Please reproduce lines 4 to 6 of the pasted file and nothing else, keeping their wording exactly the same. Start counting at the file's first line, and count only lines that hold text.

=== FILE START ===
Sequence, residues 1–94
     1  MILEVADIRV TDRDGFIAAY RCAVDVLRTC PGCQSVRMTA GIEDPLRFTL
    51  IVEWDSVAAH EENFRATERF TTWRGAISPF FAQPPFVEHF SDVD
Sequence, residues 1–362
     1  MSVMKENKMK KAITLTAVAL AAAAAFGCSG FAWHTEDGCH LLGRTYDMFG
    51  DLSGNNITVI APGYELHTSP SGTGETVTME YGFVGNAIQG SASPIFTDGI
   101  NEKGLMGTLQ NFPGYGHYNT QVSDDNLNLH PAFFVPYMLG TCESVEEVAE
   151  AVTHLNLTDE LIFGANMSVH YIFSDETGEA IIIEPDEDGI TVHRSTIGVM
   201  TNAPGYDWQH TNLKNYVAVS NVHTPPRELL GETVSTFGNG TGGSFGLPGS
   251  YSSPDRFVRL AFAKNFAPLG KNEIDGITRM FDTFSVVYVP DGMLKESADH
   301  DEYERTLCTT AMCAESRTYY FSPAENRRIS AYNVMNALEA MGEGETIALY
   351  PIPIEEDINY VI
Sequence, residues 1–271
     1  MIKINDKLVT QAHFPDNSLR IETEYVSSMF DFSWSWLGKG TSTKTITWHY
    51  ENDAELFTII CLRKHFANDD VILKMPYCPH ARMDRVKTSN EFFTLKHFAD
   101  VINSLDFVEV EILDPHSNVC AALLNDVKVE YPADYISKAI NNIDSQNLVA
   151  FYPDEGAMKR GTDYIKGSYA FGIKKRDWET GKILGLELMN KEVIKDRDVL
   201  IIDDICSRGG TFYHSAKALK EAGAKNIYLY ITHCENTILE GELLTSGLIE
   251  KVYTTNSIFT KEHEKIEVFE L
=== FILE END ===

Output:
Sequence, residues 1–362
     1  MSVMKENKMK KAITLTAVAL AAAAAFGCSG FAWHTEDGCH LLGRTYDMFG
    51  DLSGNNITVI APGYELHTSP SGTGETVTME YGFVGNAIQG SASPIFTDGI